Let's talk mining: Part 1
(Top left) Lucky Friday Mine VP/Gen Mgr Carlos Aguiar and HR manager Michelle Horning, (top right) Sunshine Mine Environmental Superintendent Tysen Clyne, (bottom left) Bunker Hill Mine CEO Sam Ash, (bottom right) and Galena Mine Chief Geologist Sadae Lortz speak at the Silver Valley Chamber of Commerce's After Hours "State of the Mines" event on Wednesday.
Hagadone News Network | March 18, 2022 8:57 AM
KELLOGG — While the golden years of mining in the Silver Valley may have passed some time ago, that doesn't mean the industry is gone by any means.
This was apparent at the Silver Valley Chamber of Commerce's After Hours event Wednesday night, where representatives of some of the largest mining operations in North Idaho came to speak.
Held at Noah's Lodge in Kellogg, the night's speakers from the Bunker Hill, Lucky Friday, Sunshine and Galena mines provided attendees with updates on each of their properties, along with future goals.
The first to take the stage was Bunker Hill Mining Company CEO Sam Ash, who was excited to be able to speak with the community and report actions — not just words.
"There've been several groups of people that made several attempts to come back and get Bunker Hill restarted," he said. "When we (finally) came out and talked to the community, I wanted to be able to talk about some things we have actually done, not just about what we wanted to do or what we were planning on doing."
Since the Bunker Hill Mining Company in its current form signed a lease with the previous owners, Placer Mining, roughly three years ago, Ash explained they have cleared several major hurdles and are much closer to their main goal of full operation.
The first hurdle was buying the mine and showing the world it still had life through the process of rehabilitation and exploratory drilling.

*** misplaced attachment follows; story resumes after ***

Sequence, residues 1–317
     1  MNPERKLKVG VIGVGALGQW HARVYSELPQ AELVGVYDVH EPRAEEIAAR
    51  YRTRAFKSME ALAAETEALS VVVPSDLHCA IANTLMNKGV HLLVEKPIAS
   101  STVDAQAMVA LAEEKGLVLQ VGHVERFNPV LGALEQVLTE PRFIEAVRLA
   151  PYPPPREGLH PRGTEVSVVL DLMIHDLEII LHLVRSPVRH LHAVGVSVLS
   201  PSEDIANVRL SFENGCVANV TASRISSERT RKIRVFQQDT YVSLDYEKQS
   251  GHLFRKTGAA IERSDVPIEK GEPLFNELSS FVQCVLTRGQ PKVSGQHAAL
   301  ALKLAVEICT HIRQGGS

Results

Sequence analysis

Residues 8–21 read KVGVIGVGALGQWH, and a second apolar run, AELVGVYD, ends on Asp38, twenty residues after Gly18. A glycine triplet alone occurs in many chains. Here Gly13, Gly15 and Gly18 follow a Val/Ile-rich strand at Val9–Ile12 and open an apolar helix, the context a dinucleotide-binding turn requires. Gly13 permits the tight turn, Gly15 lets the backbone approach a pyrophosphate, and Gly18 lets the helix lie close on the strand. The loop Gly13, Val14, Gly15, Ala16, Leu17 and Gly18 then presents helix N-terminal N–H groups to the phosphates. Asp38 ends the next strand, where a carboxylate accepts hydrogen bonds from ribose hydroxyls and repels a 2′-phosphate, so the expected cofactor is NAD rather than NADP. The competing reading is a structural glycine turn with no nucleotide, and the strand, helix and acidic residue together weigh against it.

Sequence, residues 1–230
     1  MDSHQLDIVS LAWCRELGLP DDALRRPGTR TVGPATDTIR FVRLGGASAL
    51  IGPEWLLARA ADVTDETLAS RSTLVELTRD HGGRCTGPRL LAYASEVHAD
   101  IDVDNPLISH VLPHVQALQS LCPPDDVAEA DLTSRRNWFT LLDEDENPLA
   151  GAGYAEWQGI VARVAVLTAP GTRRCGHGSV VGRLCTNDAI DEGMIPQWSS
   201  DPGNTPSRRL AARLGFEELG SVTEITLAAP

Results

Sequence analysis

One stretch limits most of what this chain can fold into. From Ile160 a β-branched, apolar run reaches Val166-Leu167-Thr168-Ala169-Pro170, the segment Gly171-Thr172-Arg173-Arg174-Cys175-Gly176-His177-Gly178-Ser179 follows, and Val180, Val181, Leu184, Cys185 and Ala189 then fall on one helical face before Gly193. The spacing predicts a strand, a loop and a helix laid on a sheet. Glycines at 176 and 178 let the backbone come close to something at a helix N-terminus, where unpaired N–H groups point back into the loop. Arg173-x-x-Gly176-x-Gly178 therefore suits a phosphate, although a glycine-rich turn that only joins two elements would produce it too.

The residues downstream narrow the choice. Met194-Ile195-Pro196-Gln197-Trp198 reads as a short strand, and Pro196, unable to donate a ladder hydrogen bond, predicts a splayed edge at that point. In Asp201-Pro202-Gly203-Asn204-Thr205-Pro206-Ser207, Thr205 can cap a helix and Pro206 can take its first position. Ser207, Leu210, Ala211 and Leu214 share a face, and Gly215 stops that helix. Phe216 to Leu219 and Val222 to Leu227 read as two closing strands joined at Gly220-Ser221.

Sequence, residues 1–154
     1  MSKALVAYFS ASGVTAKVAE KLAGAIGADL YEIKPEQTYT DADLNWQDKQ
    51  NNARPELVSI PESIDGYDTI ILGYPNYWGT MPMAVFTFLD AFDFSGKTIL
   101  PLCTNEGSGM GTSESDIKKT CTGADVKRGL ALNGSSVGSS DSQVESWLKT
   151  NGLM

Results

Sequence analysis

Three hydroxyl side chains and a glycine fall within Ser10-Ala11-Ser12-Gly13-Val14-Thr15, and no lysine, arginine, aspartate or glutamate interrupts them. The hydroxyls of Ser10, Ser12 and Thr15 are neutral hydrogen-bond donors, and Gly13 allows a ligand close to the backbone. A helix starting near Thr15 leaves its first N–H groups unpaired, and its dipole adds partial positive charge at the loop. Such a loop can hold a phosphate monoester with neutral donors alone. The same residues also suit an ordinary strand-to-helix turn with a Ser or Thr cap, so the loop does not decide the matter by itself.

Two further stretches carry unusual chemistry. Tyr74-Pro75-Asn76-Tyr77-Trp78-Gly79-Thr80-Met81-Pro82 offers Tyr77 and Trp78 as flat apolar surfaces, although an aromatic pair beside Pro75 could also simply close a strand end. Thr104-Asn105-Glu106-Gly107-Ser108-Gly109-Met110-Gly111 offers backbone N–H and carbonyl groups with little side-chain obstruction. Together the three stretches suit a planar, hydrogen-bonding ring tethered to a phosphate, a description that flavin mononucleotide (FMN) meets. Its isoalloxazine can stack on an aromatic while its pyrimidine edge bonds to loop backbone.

After securing $50,000,000 in additional funding to purchase the mine from Placer Mining, contractors have been busy working in the over 100-year-old mine.
"We've proven what probably most people who know anything about Bunker Hill knew already, is that there is still a tremendous amount of mineral wealth left," Ash said.
Next was dealing with the substantial debt owed to the Environmental Protection Agency following their work on the mine's water water treatment plant.
"We negotiated a resettlement with the EPA that allows us to meet the obligations out of free capital once we are operational," Ash said.
Lastly, BHC made headlines in February when it announced it had signed a memorandum of understanding (“MOU”) with Teck Resources Limited (“Teck”) for the purchase of its Pend Oreille process plant in Metaline Falls, Wash. This purchase gets Bunker Hill a vital piece of a mining operation — a mill.
Ash projects that by the third quarter of 2022, the yearlong process of constructing this new mill will commence.
"By September/October of 2023, we're going to begin commissioning the mill and come into production and bring Bunker Hill back online from an operating perspective," Ash said. "It's not going to be easy, but it's a challenge that we can definitely see we have a lot of traction moving forward with and it will certainly become a reality."
Understanding that this isn't the first time the community has seen a new owner come to the mine and promise a reopen, Ash stressed that BHC is looking to create base economic activity in the Silver Valley and other opportunities that will sustain the area.
"I believe that there are some lessons to be learned from how a mining company can work with the local community to make sure that even after the mine closes, and every mine will close eventually, what's left behind is still a vibrant and economically diverse community."
"In the past with mining companies, they would come and they would mine, then the idea was that you would, for lack of a better term, get out of town as quickly as you can. That has to change," he added.
BHC also plans to hold an auction of Bunker Hill items in the future, but that date has yet to be announced.